Published: July 12, 2023

Atomic beam device with a peanut for scale.

Image of atomic beam device with a peanut for scale. Rb vapor in the source cavity feeds a buried microcapillary array and forms an atomic beam (indicated by a red-to-blue arrow) in the drift cavity. Credit: Nature Communications (2023)

CU Physics graduate students Gabriela D. Martinez and Alexander Staron helped create a miniature atomic clock in collaboration with NIST-Boulder scientists John Kitching and William R. McGehee in the NIST atomic devices and instrumentation group, and Georgia Tech scientists Chao Li and Chandra Raman. The CU Professional Research Experience Program (PREP) funds Gabriela and Alexander to work with NIST scientists on their PhD research. PREP is a cooperative agreement between NIST and the University of Colorado Boulder. The team’s published paper in Nature Communications details their research accomplishments. Their work was also published in a news article on written by NIST's Rebecca Jacobson, and featured in Tech Explorist

Alexander Staron, William McGehee, and Gabriela Martinez pictured with the chip-scale atomic beam clock.

Alexander Staron (left), William McGehee and Gabriela Martinez worked together on a new chip-scale version of an atomic beam clock, a tiny fraction of the size of the original instrument shown here. McGehee is a NIST scientist, and Staron and Martinez are CU Physics graduate students in PREP. Credit: R. Jacobson/NIST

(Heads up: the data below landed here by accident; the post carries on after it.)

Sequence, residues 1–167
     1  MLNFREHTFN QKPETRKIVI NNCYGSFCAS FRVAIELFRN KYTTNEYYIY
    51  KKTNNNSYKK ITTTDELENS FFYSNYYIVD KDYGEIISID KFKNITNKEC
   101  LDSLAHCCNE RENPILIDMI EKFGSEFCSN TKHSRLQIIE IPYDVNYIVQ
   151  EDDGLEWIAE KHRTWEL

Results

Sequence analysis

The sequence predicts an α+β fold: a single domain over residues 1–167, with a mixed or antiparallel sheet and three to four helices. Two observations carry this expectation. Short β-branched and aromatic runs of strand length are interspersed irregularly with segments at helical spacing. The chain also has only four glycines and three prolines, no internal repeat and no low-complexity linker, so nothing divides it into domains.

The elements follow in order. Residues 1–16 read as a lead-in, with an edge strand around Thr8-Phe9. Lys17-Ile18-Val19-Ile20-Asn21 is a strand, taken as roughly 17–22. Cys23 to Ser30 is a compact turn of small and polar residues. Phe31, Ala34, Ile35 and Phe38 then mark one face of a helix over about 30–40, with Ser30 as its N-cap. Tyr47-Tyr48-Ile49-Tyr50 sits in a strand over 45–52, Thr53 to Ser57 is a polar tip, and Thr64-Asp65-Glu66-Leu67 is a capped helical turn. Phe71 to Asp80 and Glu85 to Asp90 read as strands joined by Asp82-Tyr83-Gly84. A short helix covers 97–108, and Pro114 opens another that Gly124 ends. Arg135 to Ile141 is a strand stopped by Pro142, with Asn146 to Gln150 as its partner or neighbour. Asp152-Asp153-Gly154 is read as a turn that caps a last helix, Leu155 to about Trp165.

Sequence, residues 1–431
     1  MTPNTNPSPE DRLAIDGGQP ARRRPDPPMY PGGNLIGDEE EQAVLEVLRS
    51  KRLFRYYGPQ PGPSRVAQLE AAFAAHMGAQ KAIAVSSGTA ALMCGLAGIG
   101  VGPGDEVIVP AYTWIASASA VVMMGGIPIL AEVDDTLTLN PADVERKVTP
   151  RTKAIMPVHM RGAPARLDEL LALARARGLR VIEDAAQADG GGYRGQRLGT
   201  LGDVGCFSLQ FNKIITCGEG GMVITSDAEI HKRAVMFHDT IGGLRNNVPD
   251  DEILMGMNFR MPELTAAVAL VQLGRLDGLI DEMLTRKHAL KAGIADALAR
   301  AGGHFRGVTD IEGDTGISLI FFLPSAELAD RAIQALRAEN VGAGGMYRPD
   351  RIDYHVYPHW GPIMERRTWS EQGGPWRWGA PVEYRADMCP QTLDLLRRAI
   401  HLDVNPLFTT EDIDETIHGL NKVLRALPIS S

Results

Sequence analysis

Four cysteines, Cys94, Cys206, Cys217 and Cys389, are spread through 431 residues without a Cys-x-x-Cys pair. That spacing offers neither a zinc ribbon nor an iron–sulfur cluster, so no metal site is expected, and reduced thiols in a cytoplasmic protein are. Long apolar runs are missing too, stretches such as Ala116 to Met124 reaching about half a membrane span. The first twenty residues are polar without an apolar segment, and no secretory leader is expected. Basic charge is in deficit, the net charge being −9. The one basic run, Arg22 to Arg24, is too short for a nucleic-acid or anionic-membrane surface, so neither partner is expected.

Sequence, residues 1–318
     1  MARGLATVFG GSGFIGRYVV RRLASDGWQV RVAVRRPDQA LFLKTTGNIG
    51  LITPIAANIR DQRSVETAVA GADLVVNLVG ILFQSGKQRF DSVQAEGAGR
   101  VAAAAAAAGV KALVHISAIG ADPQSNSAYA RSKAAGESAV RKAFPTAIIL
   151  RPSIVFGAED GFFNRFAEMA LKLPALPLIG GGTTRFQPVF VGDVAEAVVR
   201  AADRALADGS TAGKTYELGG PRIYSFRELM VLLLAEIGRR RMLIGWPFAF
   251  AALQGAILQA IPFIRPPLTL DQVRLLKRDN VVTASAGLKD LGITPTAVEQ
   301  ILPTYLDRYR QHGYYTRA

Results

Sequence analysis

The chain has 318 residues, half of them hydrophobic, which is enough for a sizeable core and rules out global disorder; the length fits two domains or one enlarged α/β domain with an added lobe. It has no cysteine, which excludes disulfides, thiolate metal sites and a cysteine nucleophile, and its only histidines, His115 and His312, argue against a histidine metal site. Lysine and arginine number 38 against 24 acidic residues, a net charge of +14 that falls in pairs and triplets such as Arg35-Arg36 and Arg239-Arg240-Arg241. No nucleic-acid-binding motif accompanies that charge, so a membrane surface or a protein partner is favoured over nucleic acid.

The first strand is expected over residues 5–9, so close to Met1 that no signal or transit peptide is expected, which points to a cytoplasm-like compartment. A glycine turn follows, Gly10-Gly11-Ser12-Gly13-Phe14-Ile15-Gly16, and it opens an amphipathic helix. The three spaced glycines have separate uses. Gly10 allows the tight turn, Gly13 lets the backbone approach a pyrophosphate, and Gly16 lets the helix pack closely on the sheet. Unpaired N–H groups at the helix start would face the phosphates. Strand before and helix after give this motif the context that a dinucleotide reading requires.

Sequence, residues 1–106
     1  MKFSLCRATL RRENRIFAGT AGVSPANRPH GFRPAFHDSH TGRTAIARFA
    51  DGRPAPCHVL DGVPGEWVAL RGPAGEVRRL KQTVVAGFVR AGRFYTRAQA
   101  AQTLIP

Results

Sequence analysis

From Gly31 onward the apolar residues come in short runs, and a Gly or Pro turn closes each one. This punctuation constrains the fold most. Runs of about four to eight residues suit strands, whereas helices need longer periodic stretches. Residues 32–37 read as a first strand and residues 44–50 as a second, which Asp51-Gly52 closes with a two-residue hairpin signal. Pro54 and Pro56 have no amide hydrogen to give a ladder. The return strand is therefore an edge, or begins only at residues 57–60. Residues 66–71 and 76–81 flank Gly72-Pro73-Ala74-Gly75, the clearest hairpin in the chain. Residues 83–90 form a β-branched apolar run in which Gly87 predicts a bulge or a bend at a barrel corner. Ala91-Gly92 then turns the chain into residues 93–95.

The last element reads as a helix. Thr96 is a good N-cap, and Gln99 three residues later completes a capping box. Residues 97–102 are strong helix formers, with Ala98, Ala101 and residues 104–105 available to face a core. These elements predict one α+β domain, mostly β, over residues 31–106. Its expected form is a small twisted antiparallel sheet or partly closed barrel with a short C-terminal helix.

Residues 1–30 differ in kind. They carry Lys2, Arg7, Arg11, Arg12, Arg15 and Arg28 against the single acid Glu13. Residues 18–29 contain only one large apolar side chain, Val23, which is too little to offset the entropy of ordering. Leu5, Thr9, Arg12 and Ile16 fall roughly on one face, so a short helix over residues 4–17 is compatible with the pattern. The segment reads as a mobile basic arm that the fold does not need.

Gaby and Alex’s team developed a chip-scale atomic clock (CSAC) that is a little larger than a peanut. Rubidium atoms in the atomic beam provide the microwave quantum transition that is used by the clock to provide a relative frequency stability of 1.2×10^(-9)/√Hz. The device uses the 6.8GHz ground state splitting of 87Rb as the reference frequency. The device uses a microfabricated channel array developed at Georgia Tech, which reduces interactions with background air molecules so that the Rb atoms can traverse the 1 cm-long device without a collision. Their device improves on previous CSAC’s with much lower timing drift, with a goal of sub-microsecond timing error over several days. Possible applications are atom interferometry, Rydberg atom electrometry, and underwater exploration where GPS signals do not reach by using precise time-of-flight sonar soundings from GPS-equipped buoys.

From Rebecca Jacobson's article featured on

"NIST has been using atomic beams for timekeeping since the 1950s. For decades, beam clocks were used to keep the primary standard for the second, and they are still part of NIST's national timekeeping ensemble. Beam clocks are precise, stable and accurate, but they're currently not the most portable. Smaller commercial clocks about the size of a briefcase are common, but they still require a significant amount of power (about 50 watts) to run. For comparison, smartphones require about a third of a watt for typical operation. Chip-scale atomic clocks (CSACs) were developed by NIST in 2001. "The CSAC is low-power and has high performance given its size. It's a wonderful device, but it does drift after running for a few thousand seconds," said William McGehee, a physicist at NIST."

Gaby is a fifth-year physics graduate student from Cal Poly Humboldt University. She joined PREP in 2019 and plans to graduate next year. Alex is a third-year physics graduate student from Miami University in Oxford, Ohio, and joined PREP in 2022.